, April 14, 2008 (ENS) - One of the largest coalitions to form around an environmental issue in Tennessee in recent years filed legal papers today with the Tennessee Court of Appeals challenging an on-going rock-extraction operation in Cumberland Trail State Park near Chattanooga.
The coalition of public interest groups aims to help the state of Tennessee stop the potential destruction of state parks and private lands throughout the Cumberland Plateau from the removal of sandstone rock, used increasingly for decorative landscaping.
Last year, the state Department of Environment and Conservation lost its lawsuit in Hamilton County Chancery Court to stop the rock-digging operations. Seeking to defend the park it recently acquired, the state is appealing the decision.
The 14 conservation groups, represented by Sarah Francisco, Southern Environmental Law Center staff attorney and Gregory Buppert of Dodson, Parker, Behm & Capparella, filed an amicus or "friend of the court" brief in support of the state agency.
"The public's interest in preserving and protecting the Cumberland Trail State Park and other parks is substantial," said Buppert. "Our brief presents important information on the public interests at stake in this case so that the Court of Appeals has the opportunity to make a fully informed decision."
"We view this case as pivotal to securing the ecological integrity of thousands of acres on the Cumberland Plateau. That's why the environmental community is getting involved," said Francisco.
Upwards of 450,000 acres of public and private lands in 11 counties on the plateau - regarded as one of the most biologically diverse landscapes in the world - could be at risk of rock removal if the chancery court decision stands.
Roughly 28,000 acres are in state parks and natural areas, and the groups believe other public lands, such as some wildlife management areas, are at risk as well.
At issue is the separation, or severance, of ownership of surface land from mineral rights, which is common throughout the plateau.
In many instances, coal companies that originally owned the land sold just the surface rights to timber companies, and retained the mining and mineral rights in what is called a "mineral reservation."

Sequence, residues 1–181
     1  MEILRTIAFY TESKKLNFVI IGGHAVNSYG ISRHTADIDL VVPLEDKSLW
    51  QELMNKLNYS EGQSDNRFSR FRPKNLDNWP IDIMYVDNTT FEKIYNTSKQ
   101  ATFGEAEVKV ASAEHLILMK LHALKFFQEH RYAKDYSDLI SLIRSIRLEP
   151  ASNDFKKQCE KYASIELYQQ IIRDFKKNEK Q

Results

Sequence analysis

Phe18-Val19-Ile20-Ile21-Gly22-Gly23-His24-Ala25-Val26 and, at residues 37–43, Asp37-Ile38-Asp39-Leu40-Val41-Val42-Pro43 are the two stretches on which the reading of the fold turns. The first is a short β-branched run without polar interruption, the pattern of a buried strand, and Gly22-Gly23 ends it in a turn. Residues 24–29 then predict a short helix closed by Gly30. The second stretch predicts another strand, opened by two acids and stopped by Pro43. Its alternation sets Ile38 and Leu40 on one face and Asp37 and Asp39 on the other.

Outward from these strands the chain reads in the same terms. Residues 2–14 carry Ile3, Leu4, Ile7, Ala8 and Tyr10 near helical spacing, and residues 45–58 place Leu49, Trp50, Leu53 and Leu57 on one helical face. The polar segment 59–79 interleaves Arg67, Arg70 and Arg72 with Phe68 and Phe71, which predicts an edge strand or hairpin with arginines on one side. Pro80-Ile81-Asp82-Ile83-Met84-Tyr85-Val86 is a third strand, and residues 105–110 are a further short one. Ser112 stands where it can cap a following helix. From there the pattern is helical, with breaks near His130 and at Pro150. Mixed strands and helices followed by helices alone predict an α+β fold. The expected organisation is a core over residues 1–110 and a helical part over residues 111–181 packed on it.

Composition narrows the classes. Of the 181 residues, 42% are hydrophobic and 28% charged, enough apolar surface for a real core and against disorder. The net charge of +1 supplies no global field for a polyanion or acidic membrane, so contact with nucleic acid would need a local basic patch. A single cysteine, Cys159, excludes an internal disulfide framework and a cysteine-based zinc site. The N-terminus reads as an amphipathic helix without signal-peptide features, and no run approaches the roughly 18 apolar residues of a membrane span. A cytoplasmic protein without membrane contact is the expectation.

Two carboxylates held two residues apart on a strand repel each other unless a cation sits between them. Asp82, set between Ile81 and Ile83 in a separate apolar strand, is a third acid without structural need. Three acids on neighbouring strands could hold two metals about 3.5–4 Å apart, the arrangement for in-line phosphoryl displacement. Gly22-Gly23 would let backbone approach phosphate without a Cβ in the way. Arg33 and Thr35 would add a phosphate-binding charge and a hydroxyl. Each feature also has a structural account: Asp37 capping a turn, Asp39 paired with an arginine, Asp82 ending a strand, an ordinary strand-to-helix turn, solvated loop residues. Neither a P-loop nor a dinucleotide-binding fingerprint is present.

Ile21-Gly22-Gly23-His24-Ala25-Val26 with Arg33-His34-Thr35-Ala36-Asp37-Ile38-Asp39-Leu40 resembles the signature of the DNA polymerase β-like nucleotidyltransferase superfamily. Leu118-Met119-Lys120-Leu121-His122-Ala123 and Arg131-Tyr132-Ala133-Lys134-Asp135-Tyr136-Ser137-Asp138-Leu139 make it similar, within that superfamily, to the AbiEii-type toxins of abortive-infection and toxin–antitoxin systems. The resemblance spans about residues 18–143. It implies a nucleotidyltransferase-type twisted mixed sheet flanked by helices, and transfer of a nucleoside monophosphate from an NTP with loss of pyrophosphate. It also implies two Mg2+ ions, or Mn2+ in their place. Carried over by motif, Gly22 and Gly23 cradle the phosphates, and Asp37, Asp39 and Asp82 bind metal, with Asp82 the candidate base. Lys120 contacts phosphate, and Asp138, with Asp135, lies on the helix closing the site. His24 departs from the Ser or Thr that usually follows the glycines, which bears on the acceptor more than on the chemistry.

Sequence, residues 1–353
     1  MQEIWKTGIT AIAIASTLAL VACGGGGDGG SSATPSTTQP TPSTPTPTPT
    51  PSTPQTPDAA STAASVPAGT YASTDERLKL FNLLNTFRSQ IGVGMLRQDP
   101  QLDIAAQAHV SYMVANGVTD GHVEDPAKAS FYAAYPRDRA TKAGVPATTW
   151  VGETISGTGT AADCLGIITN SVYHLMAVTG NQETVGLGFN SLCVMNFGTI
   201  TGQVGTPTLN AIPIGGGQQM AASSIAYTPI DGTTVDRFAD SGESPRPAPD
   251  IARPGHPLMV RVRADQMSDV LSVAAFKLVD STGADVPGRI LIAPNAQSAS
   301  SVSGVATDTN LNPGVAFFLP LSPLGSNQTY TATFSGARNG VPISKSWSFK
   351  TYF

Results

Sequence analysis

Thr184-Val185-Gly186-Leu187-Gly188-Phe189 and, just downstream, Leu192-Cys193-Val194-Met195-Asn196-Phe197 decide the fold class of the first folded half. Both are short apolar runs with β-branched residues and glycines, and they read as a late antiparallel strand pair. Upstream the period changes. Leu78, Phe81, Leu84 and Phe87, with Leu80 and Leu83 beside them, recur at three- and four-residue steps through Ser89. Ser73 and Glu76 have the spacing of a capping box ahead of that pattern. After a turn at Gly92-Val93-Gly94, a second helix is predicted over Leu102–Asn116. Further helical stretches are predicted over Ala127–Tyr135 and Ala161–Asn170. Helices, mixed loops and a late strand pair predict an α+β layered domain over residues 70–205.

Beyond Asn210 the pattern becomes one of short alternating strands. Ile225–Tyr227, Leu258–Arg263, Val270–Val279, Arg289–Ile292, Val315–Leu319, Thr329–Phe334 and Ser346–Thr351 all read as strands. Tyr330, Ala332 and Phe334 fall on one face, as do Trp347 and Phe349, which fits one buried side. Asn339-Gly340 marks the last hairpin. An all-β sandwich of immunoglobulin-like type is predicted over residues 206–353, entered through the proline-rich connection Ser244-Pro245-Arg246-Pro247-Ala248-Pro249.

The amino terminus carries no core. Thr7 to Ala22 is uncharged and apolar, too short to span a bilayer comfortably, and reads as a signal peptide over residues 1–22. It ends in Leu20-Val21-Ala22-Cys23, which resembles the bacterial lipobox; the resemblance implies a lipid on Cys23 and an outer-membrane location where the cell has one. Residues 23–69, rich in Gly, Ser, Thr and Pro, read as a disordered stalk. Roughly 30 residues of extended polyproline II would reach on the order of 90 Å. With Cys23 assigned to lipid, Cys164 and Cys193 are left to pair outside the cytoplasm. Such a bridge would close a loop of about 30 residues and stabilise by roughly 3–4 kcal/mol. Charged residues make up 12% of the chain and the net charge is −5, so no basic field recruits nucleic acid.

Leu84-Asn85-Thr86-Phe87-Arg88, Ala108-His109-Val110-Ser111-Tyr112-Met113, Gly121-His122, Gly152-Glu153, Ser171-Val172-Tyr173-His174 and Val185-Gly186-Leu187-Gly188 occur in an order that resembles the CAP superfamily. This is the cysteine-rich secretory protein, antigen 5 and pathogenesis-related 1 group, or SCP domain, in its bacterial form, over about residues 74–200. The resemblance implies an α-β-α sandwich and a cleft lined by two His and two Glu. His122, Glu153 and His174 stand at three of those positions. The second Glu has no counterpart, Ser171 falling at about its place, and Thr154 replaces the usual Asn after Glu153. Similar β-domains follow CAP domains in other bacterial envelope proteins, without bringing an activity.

The environmental groups argue that, unless included in the deed reservation, rock should not be considered a "mineral," because the only way to obtain rock is by excavation, which destroys the surface and deprives the surface owners of their property.
From 2001 to 2004, Tennessee acquired over 5,000 acres in Hamilton County from Bowater for the Cumberland Trail State Park.
Last year, the Lahiere-Hill company, which owns the mineral rights in the park, allowed contractors to come in with bulldozers and front-end loaders and begin removing sandstone rock.
The operation buried 50-100 yards of the Cumberland Trail in rubble and dirt, and left exposed soil, broken rock and uprooted trees, ruining the scenic beauty of the trail and destroying or severely damaging the natural resources that the state sought to protect in creating the park, including habitat for state and federally listed plants and animals, the environmental coalition says.
The trail has national significance as a critical section of the Great Eastern Trail, America's newest long-distance hiking trail, reaching from the Alabama line to the Finger Lakes of New York.
In addition to the potential vulnerability of public lands, many private lands subject to these "mineral reservations" could be subject to rock removal against the wishes of the surface owner.
For example, The Land Trust for Tennessee routinely encounters severed mineral estates on private lands on the plateau that landowners want to dedicate to conservation. Bledsoe, Cumberland, Fentress, Hamilton, Marion, Morgan, Rhea, Roane, Scott, Sequatchie, and White counties all have land with severed property rights.
Copyright Environment News Service (ENS) 2008. All rights reserved.
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